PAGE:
Employment Law Changes for 2021

Changes from April 1 every employer needs to know about 

There’s never a dull moment for Employers or HR professionals, and the Government changes from April 1 have kept us all nicely busy as we update our systems to suit. Here’s everything you need to know to stay on top of the latest updates to employment legislation.

The National Living Wage (and National Minimum Wage) is going up!

Thousands of low paid workers are set for a pay increase next month, as the Government increases the National Living Wage from £8.72 per hour to £8.91 per hour.

The changes announced last November will finally come into effect next month with everyone aged 23 and over set to benefit from the 2.2% increase, including the two ages previously exempt now joining the ’25 years and over’ club as eligible for the scheme. That’s around 4% of the UK population who’ll benefit from the change from April 1.

Until now, anyone below 25 years has been forced to settle with the lower-paid National Minimum Wage, with pay rates under this scheme starting at £4.55 for 16 and 17-year-olds and rising to £8.20 for ages 21 to 24 years. Now, 23 and 24-year-olds will receive a pay increase of close to 9%, while those already in the 25+ age bracket will receive an increase of just 2.2%. Those aged 21 to 22 years, while not yet eligible for the new NWL scheme will see their minimum wage rate increasing by 2% to £8.36 per hour.

So, make sure you’ve made those changes to your payroll system from April 1.


Family-related pay and statutory sick pay are also on the rise.

Also commencing this month, an increase to the weekly rate for family-related absence and statutory sick pay. From April 4, maternity, paternity, adoption, shared parental and parental bereavement pay increases to £151.97 per week, and from April 6, statutory sick pay increases to £96.35 per week.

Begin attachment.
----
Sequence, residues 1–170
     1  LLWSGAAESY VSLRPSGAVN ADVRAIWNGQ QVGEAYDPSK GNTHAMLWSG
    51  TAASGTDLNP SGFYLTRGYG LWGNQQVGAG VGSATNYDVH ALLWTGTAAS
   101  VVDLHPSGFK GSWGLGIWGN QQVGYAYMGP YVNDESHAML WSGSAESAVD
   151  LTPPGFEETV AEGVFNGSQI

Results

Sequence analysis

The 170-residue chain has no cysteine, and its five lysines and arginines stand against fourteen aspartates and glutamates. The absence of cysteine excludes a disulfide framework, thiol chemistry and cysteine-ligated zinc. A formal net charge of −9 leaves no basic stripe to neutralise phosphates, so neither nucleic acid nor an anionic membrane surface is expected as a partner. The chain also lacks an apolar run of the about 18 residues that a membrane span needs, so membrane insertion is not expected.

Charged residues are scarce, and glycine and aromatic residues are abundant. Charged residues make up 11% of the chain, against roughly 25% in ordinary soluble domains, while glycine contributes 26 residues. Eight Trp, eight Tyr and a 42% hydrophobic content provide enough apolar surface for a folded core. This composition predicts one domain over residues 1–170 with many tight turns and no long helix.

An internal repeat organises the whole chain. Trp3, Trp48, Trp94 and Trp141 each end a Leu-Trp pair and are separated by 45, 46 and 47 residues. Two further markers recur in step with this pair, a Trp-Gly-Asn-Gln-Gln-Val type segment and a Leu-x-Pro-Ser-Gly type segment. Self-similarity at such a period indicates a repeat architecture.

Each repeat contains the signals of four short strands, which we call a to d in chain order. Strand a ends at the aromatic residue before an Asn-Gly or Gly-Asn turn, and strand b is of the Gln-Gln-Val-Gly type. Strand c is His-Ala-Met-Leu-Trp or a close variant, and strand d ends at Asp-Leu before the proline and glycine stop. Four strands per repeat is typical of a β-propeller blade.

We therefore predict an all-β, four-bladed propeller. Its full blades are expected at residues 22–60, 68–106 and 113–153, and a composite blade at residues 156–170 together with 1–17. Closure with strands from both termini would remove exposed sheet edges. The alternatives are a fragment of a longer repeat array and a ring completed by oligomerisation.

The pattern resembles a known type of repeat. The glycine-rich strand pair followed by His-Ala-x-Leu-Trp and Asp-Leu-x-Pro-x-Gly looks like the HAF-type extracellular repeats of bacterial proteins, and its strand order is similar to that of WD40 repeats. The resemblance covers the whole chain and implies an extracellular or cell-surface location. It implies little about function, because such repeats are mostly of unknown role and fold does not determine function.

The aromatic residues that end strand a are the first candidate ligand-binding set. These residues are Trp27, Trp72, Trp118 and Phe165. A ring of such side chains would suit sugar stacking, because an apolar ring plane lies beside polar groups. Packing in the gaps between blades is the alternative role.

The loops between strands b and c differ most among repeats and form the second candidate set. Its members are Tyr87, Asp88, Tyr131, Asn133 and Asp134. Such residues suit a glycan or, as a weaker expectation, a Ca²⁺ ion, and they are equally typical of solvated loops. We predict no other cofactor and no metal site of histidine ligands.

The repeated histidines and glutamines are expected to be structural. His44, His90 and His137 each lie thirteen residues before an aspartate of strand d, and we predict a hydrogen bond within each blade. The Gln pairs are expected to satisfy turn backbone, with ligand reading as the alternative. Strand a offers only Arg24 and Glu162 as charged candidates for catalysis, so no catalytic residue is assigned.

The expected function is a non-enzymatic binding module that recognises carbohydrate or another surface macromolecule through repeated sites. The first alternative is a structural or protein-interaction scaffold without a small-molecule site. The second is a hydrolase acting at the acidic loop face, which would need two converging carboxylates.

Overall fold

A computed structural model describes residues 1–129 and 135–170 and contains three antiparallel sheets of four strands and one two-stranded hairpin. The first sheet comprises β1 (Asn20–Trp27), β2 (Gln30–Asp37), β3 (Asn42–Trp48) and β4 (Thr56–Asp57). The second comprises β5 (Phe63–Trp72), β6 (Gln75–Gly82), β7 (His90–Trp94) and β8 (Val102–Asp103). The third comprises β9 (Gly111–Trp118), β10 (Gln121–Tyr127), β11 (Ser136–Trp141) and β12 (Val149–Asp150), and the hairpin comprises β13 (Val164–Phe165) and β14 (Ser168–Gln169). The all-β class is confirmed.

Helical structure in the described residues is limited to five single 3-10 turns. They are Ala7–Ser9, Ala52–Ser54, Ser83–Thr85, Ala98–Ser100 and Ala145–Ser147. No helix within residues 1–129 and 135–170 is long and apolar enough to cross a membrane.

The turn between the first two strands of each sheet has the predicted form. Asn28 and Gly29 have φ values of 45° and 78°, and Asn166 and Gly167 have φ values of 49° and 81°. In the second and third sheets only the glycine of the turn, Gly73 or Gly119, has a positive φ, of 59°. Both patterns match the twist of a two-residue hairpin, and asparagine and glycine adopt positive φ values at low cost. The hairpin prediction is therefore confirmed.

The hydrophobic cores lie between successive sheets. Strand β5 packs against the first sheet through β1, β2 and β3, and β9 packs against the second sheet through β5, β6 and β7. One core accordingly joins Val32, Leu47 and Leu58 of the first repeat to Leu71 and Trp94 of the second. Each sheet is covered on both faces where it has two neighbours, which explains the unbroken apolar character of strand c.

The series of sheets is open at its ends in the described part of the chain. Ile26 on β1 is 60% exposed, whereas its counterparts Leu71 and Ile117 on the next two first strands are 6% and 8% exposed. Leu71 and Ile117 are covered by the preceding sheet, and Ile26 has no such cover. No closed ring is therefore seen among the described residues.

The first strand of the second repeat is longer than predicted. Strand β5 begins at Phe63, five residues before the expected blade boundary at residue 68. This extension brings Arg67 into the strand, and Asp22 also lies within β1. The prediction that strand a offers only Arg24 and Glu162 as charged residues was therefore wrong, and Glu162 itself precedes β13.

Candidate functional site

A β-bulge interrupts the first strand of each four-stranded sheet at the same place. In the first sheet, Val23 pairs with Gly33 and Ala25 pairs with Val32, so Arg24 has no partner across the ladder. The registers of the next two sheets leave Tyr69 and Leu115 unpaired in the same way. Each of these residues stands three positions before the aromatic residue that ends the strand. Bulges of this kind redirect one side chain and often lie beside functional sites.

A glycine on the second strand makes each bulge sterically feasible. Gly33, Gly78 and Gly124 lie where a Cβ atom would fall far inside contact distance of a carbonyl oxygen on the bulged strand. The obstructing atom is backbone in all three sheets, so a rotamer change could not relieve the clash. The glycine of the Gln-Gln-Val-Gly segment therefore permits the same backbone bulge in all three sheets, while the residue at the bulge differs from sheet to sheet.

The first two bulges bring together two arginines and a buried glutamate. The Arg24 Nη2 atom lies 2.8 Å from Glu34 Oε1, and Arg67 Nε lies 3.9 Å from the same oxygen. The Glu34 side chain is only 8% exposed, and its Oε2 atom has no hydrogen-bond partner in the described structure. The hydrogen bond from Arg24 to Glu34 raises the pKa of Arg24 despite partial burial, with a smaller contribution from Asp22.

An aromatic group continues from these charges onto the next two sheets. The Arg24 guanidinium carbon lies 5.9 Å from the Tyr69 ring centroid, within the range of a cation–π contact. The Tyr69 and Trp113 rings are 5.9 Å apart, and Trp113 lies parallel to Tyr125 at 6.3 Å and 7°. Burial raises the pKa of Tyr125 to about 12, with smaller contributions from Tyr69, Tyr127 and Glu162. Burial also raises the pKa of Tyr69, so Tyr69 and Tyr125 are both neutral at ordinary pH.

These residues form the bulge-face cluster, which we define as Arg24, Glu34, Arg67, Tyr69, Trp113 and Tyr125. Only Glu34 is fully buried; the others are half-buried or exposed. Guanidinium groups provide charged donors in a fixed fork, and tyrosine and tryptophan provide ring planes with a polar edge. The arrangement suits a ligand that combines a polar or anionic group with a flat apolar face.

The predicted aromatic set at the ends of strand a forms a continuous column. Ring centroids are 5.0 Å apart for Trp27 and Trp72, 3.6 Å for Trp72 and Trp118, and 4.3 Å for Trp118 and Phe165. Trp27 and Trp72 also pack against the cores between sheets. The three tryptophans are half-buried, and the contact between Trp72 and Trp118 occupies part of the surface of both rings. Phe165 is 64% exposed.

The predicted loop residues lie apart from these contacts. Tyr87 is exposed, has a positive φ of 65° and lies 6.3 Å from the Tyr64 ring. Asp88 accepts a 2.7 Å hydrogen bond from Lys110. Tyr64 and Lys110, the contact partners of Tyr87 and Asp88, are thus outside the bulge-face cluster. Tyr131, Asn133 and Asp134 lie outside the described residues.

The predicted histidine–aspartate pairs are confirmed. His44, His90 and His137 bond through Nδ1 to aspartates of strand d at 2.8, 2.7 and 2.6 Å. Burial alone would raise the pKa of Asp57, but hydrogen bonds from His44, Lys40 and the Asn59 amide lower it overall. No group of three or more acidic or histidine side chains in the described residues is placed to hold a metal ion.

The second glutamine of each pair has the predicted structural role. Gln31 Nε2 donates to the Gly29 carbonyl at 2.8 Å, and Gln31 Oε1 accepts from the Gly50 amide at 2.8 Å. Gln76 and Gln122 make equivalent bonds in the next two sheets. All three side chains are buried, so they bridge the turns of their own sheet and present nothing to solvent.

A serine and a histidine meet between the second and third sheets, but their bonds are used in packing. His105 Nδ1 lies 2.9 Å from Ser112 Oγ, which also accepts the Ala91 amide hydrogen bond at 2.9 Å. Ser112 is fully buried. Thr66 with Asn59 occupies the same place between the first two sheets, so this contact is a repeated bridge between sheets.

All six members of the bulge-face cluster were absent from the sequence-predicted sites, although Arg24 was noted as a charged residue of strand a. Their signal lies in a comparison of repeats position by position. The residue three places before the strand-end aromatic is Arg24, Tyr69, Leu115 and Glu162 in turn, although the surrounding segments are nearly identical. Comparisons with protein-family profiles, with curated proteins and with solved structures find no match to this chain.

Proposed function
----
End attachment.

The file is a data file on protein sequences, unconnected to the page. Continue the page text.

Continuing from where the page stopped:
Employees must always meet several criteria to qualify for these types of pay, and the UK Government website explains each one in full.

Since each of the new rates become mandatory on their respective date, employers and HR professionals are expected to familiarize themselves with the changes immediately. Also critical is your ensuring any documentation referring to the rates is amended to reflect the changes and for all employees to be notified.


Redundancy pay rates are also changing in April.

Another key change for Employers and HR specialists to be aware of is the statutory redundancy pay which was increased from April 6. From this date, the maximum weekly pay has increased to £544.

The maximum compensatory award for unfair dismissal also increases for those taking place on or after April 6, from £88,519 to £89,493.


Gender Pay Gap reporting has been extended until October 2021.

Employers with over 250 staff are required by law to report on the difference in pay between their male and female workers. Typically, the report is due for submission at the close of March although in 2021, due to the ongoing situation with the Covid-19 virus, the deadline has been extended to October 5.


Introducing IR35 on April 6.

The new ‘anti-avoidance tax legislation’ also comes into effect this month, with employers now responsible for proving any contractors are self-employed and not employed by the business, to reduce tax fraud.

As of April 6, any employer who uses self-employed contractors in its business is required to become familiar with the difference between the two types of worker – employed or self-employed contractor – for tax purposes, to ensure they are meeting the correct tax requirements.

Since the above are all legislated it’s critical to implement any changes to avoid headaches down the track.

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